CME: Pork, Beef Prices Reflect Supply and Demand

US - US pork prices closed on a strong note last week as the result of tight supplies, while beef production is well above last year, according to Steve Meyer and Len Steiner.
calendar icon 19 January 2010
clock icon 4 minute read

Pork prices closed the week on a very strong note, a result of tight pork supplies as well as good demand from both export and domestic markets. The pork cutout for the week was quoted at $72.69/cwt, 4.9 per cent higher than the previous week and 27.2 per cent higher than the comparable week a year ago. This is the highest January cutout value since 2005 and will tend to support hog prices this week. The IA/MN hog carcass price last week was pegged at $65.71/cwt, slightly lower than the week before. However, the cash hog carcass price last Friday traded at a little over $68 and the Monday hog carcass price was quoted at $67 (wt avg. USDA), an indication of the packer’s willingness to raise their bids in light of improving margins.

As to whether the current rally in hogs will be sustained is a matter of debate, however. Much of the strength in the pork market has been a result of sharply higher prices for pork trimmings and very strong ham values. The market for pork loins has been somewhat disappointing but not altogether unexpected given the continued weakness of meat retail at retail markets. The market for pork trim is especially tight and the chart above should give some indication why trim values have become so expensive in recent weeks. Pork production is down sharply in the last two weeks, a result of smaller slaughter due to weather related product flow disruptions and notably lower hog carcass weights. There is some debate as to how many hogs we actually have on the ground. The hog slaughter data since December has not matched up well with the USDA Hogs and Pigs report, even after adjusting for the lower imports of Canadian hogs. Some argue that hogs must be backing up due to the transportation problems across much of the Midwest. If that was the case, however, hog carcass weights would be trending higher and we have seen the opposite, with hog weights for the last reported week unchanged from the week before and down 1.5 per cent vs. last year. But we need another week or two of slaughter before we begin casting too much doubt on the USDA numbers published on 30 December.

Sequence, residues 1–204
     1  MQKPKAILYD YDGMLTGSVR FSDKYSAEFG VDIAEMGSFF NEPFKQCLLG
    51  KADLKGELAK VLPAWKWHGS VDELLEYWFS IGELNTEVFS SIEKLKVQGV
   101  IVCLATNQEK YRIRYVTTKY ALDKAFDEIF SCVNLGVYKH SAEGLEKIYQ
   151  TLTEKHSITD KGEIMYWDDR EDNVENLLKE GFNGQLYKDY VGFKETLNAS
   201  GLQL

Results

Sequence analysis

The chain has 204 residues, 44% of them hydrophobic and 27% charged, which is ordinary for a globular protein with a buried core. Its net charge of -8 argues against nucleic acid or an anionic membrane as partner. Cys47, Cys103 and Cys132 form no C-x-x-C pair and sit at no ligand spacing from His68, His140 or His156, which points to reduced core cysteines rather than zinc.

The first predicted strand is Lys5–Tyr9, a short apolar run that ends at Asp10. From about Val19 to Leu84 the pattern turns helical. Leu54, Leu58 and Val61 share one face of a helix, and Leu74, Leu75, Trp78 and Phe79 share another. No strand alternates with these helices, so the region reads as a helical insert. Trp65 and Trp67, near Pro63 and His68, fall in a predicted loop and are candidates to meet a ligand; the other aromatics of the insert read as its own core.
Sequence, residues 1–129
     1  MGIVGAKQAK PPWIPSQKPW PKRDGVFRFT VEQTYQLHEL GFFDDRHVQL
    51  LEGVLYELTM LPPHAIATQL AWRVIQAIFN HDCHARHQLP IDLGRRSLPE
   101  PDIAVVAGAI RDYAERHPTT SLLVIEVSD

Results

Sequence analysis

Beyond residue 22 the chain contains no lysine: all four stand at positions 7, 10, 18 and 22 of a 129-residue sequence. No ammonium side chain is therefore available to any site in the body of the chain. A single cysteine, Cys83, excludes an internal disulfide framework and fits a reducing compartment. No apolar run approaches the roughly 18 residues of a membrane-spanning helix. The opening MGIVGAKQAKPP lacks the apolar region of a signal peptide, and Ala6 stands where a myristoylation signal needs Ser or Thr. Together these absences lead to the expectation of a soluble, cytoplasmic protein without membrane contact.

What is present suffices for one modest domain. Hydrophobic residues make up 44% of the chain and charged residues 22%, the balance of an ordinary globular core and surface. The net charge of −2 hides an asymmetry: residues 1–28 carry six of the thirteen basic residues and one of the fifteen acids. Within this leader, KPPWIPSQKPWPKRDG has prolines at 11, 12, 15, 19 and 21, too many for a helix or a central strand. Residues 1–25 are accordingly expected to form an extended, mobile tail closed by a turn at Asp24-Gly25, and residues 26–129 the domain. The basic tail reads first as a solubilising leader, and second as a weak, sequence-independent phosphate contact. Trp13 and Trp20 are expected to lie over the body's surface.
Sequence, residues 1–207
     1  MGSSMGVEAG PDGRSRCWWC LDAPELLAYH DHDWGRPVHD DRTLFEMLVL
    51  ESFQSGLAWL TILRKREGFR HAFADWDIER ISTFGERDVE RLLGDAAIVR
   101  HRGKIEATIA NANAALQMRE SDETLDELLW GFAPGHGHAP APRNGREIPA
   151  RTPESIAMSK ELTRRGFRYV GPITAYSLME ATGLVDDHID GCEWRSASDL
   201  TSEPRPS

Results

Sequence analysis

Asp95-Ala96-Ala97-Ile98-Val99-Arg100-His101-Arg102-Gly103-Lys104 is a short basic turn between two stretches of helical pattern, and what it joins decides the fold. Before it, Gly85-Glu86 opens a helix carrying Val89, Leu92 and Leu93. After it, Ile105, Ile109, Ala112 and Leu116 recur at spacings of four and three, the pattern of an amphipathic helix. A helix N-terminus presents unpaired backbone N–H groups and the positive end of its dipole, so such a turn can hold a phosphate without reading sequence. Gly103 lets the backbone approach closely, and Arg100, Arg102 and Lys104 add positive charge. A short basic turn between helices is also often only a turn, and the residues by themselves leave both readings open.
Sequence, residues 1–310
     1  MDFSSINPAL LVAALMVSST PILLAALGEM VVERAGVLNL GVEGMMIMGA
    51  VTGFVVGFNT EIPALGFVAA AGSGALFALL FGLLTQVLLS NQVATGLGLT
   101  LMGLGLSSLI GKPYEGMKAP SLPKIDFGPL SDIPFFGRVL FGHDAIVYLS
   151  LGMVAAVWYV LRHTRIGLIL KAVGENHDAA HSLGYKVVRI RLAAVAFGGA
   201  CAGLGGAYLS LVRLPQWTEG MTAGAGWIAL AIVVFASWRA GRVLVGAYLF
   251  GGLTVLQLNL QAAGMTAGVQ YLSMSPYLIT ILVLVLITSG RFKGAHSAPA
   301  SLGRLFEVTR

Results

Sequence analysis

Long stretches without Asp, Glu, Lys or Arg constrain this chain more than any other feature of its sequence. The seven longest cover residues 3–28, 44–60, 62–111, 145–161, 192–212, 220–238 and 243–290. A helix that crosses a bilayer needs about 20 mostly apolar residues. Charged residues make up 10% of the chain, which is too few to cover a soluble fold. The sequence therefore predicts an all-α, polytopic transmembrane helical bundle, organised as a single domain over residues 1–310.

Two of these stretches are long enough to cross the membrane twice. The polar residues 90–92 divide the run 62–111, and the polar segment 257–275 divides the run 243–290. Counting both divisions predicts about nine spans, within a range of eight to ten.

Beef production, on the other hand, has been well above year ago levels for much of December and January. Cattle slaughter for the week ending January 16 was 652,000 head, 5.7 per cent higher than a year ago. Part of the reason for the higher cattle slaughter is the increase in the number of cows coming to market. The cow slaughter data is reported with a two week lag but we estimate that since December, US cow slaughter was 37,500 head or 4.6 per cent higher than a year ago, accounting for about a quarter of the overall increase in US cattle slaughter. Steer and heifer slaughter remains the primary driver behind the increase in cattle numbers but, with tighter inventory numbers and lighter weights, beef production likely will drift lower into February and March, thus helping sustain the nascent rally in cattle.

Further Reading

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